Women of Fair Hope

Title Details

Pages: 148

Trim size: 5.500in x 8.500in

Formats

Paperback

Pub Date: 06/01/1993

ISBN: 9-781-6030-6041-7

List Price: $21.95

Related Subjects

HISTORY / General

Women of Fair Hope

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  • Description
  • Reviews
During the depression of the 1890s, a young Iowa newspaperman, indignant over the excesses of the Gilded Age, led a group of midwesterners to the eastern shore of Mobile Bay, where they established a model community based on the utopian ideals of Henry George. In Women of Fair Hope, Paul M. Gaston follows the dreams and achievements of three extraordinary women-an early feminist reformer, an educator, and a freed slave-whose individual desires to create a fairer, more equitable society led them to play important roles in the life of that community.
The charm of Women of Fair Hope resembles that of treasured stories . If, in writing of the lives of Nancy Lewis, Marie Howland, and Marietta Johnson, Gaston is recreating three lives and telling three touching stories, he is also very gently-almost too gently-saying something about the nature, limits, and interweaving of different women's experiences in the late-nineteenth and early-twentieth centuries. Each of these women was extraordinary and significant, each a woman of courage, determination, imagination ... Gaston has offered his readers a small jewel.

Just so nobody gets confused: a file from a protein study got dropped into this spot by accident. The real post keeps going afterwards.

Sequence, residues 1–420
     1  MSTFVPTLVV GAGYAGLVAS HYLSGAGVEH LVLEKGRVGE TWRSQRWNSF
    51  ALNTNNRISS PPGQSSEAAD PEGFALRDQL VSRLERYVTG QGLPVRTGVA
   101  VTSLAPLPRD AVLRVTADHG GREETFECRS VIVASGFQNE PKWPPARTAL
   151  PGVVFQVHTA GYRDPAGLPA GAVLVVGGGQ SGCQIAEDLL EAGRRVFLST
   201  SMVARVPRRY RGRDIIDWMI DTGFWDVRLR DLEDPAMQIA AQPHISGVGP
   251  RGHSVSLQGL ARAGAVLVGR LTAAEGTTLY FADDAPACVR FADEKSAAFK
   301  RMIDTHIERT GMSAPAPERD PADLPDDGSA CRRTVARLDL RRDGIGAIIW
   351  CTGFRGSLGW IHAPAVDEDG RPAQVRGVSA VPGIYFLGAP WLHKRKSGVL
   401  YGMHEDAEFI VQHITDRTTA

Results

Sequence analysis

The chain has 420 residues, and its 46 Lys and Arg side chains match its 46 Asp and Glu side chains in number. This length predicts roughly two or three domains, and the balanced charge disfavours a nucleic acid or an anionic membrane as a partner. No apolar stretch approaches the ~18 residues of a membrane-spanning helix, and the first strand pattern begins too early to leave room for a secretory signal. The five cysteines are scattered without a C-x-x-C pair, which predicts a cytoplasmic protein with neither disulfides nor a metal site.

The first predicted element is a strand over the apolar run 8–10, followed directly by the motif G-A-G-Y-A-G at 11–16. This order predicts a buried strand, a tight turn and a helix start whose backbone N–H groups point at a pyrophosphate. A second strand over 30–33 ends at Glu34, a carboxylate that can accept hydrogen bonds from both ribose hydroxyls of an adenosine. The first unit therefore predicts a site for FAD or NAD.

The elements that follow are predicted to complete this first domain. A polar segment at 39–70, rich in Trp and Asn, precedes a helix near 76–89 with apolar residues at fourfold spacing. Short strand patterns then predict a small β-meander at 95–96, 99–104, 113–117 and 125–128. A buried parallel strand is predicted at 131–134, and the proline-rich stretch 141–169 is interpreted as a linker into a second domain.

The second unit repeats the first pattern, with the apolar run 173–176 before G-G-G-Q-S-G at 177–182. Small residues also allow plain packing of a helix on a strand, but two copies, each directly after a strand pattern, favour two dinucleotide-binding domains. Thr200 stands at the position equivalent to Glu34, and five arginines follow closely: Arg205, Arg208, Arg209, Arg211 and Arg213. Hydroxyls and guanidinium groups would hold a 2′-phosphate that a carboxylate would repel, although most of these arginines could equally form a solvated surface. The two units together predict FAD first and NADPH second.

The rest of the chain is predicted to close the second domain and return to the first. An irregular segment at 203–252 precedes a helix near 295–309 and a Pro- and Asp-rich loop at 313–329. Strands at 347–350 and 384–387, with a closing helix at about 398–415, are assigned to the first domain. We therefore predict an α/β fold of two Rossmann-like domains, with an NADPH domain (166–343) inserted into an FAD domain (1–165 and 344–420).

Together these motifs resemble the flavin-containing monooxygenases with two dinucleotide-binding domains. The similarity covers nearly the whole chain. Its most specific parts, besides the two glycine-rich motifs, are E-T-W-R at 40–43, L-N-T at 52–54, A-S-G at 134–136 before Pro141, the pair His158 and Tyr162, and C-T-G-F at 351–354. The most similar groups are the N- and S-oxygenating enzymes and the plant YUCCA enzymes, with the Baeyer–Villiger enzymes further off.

—Elizabeth Fox Genovese, Georgia Historical Review

Gaston is a magnificent storyteller.

—Atlanta Constitution

About the Author/Editor

PAUL M. GASTON (1928-2019) was born and reared in Fairhope, Alabama, about which he has written two books. He is also the author of The New South Creed, winner of the Lillian Smith Award for distinguished writing about the South. He is a past president of the Southern Regional Council and has been a frequent visitor in South Africa, both before and after the fall of apartheid. He has received numerous honors for both his professional work and civil rights leadership, including the outstanding professor award from the Commonwealth of Virginia; bridge builder recognition from the city of Charlottesville; legendary civil rights activist from the NAACP; and community leader, from his alma mater, Swarthmore College.